When Wendy Williams started rehearsals for ABC's "Dancing With the Stars," her dance partner, Tony Dovolani, expected the talk-show personality to translate her animated bravado onto the dance floor.
But Dovolani didn't get what he envisioned from Williams, known for her infectious catchphrase, "How you doin'?" He was surprised to see the typically bold Williams nervous about her inept dancing ability during practice, feeling insecure about her voluptuous frame while standing nearly 6-feet tall.
"I'm not a dancer. I have two left feet and a hoof," says Williams, bursting into laughter recently while on the set of Lifetime's "Drop Dead Diva," where she was filming an episode in which she plays a judge. On the premiere of "DWTS" last week, Williams finished near the bottom of the scoreboard, scoring 14 out of 30 points.
Dovolani believes as Williams practices more, it'll help her overcome her self-esteem issues on the dance floor.
"She was always the tall kid, always felt too big to dance," says Dovolani, who is entering his 11th season on "DWTS." "With her being tall, I see that as her strength. It's almost like she's the Wonder Woman. I don't want to hide her height. I want her to celebrate it."
Strides have been made, according to Williams. The 46-year-old says the tough workout regimen trying to learn the cha-cha has left her in the best shape of her life, training about five hours a day for the past two weeks.
Whether Williams is eliminated early or not, the extra exposure on the hit dance show should boost her celebrity and increase appeal of her weekday syndicated program, "The Wendy Williams Show." The show is already being aired in 54 countries and ranks 13th among other talk shows, according to the Nielsen Co.
The success of her talk show, which was renewed for its third season, has generated other opportunities for Williams. Along with "Dancing With the Stars" and "Drop Dead Diva," she'll appear on the soap opera "One Life to Live" and host a new dating show "Love Triangle" on the Game Show Network next month.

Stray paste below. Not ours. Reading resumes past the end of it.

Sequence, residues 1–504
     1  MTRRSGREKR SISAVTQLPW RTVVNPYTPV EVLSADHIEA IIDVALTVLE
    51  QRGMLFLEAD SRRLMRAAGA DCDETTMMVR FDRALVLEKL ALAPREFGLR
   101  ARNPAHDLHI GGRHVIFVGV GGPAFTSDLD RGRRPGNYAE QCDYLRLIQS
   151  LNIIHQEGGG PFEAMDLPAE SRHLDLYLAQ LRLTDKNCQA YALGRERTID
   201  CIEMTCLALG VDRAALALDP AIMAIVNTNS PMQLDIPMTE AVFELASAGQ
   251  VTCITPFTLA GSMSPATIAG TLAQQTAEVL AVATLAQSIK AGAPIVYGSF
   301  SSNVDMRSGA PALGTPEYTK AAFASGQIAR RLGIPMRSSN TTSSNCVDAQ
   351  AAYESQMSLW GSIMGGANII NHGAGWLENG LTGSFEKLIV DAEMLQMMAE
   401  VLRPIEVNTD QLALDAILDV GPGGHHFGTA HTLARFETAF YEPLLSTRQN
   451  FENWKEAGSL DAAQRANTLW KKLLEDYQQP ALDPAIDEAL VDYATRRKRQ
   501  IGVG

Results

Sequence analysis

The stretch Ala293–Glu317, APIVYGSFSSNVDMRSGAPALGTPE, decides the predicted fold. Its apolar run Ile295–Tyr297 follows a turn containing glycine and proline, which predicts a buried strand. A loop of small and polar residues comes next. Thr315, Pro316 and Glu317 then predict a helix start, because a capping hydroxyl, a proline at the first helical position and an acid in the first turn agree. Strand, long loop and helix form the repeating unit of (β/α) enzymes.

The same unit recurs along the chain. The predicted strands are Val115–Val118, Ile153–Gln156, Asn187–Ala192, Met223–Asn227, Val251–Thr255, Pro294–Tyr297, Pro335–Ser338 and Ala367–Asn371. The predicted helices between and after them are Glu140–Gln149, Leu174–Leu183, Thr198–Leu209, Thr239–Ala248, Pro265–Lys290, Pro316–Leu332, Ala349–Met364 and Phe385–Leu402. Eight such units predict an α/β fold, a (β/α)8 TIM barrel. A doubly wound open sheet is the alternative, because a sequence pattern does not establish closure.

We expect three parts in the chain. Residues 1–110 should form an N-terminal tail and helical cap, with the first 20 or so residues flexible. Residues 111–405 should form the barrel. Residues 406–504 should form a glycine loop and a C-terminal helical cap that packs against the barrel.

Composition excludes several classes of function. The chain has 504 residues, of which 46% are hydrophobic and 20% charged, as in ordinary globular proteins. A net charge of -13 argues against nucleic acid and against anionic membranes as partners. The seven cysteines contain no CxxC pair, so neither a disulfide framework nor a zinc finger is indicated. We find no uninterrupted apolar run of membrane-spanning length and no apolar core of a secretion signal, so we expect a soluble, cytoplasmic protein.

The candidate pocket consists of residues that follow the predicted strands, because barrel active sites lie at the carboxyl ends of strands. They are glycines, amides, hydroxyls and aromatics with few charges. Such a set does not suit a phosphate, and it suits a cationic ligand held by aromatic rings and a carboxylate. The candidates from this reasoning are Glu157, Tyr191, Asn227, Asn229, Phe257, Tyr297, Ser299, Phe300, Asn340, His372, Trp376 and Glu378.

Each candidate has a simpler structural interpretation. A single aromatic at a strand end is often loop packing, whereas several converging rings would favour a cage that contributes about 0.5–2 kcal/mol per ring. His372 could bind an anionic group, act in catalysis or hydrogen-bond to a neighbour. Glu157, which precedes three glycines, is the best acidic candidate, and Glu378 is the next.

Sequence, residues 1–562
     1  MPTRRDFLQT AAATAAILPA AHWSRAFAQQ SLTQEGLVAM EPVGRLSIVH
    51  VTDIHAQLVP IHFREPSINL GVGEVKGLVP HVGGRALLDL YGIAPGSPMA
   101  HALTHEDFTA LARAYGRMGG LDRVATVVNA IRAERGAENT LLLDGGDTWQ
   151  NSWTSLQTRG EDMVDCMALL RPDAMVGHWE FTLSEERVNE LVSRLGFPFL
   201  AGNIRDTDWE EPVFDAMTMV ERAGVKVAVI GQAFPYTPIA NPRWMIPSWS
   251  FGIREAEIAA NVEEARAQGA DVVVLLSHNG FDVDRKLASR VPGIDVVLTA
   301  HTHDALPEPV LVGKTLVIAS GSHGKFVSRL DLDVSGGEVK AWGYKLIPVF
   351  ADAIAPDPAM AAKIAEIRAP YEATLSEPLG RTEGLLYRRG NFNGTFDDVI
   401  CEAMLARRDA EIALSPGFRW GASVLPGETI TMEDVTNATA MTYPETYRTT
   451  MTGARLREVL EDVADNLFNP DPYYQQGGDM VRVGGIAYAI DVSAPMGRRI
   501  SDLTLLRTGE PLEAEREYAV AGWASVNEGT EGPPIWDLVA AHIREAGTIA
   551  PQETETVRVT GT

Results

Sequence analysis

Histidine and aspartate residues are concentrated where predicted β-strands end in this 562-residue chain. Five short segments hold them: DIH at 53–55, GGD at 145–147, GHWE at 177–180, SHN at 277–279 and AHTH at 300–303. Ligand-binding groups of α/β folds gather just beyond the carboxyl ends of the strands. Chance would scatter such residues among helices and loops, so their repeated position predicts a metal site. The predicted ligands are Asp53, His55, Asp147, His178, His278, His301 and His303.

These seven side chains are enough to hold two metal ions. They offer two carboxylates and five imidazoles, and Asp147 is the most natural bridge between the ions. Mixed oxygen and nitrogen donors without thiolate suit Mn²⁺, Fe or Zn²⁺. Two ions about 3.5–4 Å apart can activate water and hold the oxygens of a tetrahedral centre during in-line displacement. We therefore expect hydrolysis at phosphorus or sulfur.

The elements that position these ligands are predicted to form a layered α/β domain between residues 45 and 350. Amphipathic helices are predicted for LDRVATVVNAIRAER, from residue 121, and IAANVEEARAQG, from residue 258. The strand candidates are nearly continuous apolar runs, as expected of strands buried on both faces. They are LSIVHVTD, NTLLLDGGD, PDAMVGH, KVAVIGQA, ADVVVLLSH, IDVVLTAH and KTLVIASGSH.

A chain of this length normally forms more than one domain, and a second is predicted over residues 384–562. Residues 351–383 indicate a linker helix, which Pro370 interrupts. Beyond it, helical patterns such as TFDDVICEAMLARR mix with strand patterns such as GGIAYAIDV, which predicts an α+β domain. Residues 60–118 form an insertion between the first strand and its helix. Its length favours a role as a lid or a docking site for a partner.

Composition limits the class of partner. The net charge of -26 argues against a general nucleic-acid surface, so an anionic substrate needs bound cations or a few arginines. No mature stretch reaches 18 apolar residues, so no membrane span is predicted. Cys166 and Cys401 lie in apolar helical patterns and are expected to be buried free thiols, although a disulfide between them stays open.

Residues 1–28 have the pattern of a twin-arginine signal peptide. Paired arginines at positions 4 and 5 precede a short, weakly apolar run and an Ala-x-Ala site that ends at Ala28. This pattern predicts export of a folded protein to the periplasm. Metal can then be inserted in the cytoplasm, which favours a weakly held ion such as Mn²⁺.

Everything is starting to take form for Williams, who said she wanted to expand beyond her burgeoning talk show this year. She says it's been a tough road to her dynamic rise.
It was a course Williams doesn't regret.
"It had to be this hard," she says. "As a woman, you always have the option of laying flat on your back and getting things easier. But there's always going to be a girl like me that'll laugh at women like that."
Williams spent more than 20 years as a radio DJ, building an explosive reputation for her audacious personality, someone who talked about celebrities and dared to ask them about their dirty laundry _ consequences be damned. That led to high ratings, but also one firing and notorious clashes with celebrities (her combative interview with a profanity-spewing Whitney Houston in 2003 may be her most famous). Still, stars came to her to talk, and she had grudging respect within the industry.
Through all the drama, her radio show, "The Wendy Williams Experience," garnered 12 million listeners and she eventually was offered a chance to host her own television show.
For Williams, she knew she had to trade in her brash shock-jock shtick to show a more sensitive side _ while having the same backbone. It was a tough transition for Williams to differentiate her radio and TV persona, until she left radio in 2009.
"It was a little bit difficult for her going back and forth," says Lonnie Burstein, the executive vice president of programming and production for Debmar-Mercury, which syndicates and produces "The Wendy Williams Show."
"She would say, `Is that not good for TV?'" Burstein continues. "I think that part was harder for her. Now with radio in the rearview mirror, I think it's been fairly seamless."
In the past few years, Williams said she's been able to mature as a host through her lifestyle of being a mother to her 10-year-old son and as a wife. She also says having less talk time on television than she had as a radio DJ has contributed to her reformed image.
"With growth and age, there comes maturity and how you conduct yourself," Williams says. "For most people, if you put a microphone in front of their face for five hours a day, six days a week for 23 years, they're bound to ... someone off."
Burstein says Williams' growth as an interviewer was one reason the show became the first to land an in-person interview with legendary Aretha Franklin after the Queen of Soul's undisclosed surgery. The interview aired earlier this month.
"Aretha is a fan of Wendy," Burstein said. "She appreciated the maturation of Wendy. But it came with a lot of hard work. As we went into this two years ago, we knew moments like this would happen. ... I think others see that as well. That she's different."
For Williams, she hopes to continue to create her own lane as a host, like Oprah Winfrey and Ellen DeGeneres.
"There's room for all of us," she said. "I'm just glad to be here. I hope to be here until I'm ready to go."
ABC is owned by The Walt Disney Co.